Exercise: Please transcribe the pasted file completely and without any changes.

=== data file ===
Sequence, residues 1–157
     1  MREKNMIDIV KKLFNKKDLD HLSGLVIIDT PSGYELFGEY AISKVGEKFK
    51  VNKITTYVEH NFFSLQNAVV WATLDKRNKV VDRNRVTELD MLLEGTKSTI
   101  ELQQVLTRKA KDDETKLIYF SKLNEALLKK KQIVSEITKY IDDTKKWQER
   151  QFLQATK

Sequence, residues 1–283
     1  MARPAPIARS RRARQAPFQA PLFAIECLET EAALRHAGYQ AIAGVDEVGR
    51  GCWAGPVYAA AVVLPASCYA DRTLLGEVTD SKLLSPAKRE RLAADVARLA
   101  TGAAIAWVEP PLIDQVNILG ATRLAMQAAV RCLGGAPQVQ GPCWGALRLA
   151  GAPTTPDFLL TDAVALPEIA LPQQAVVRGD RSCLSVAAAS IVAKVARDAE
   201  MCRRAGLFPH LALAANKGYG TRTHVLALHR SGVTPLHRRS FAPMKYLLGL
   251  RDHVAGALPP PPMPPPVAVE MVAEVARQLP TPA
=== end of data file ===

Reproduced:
Sequence, residues 1–157
     1  MREKNMIDIV KKLFNKKDLD HLSGLVIIDT PSGYELFGEY AISKVGEKFK
    51  VNKITTYVEH NFFSLQNAVV WATLDKRNKV VDRNRVTELD MLLEGTKSTI
   101  ELQQVLTRKA KDDETKLIYF SKLNEALLKK KQIVSEITKY IDDTKKWQER
   151  QFLQATK

Sequence, residues 1–283
     1  MARPAPIARS RRARQAPFQA PLFAIECLET EAALRHAGYQ AIAGVDEVGR
    51  GCWAGPVYAA AVVLPASCYA DRTLLGEVTD SKLLSPAKRE RLAADVARLA
   101  TGAAIAWVEP PLIDQVNILG ATRLAMQAAV RCLGGAPQVQ GPCWGALRLA
   151  GAPTTPDFLL TDAVALPEIA LPQQAVVRGD RSCLSVAAAS IVAKVARDAE
   201  MCRRAGLFPH LALAANKGYG TRTHVLALHR SGVTPLHRRS FAPMKYLLGL
   251  RDHVAGALPP PPMPPPVAVE MVAEVARQLP TPA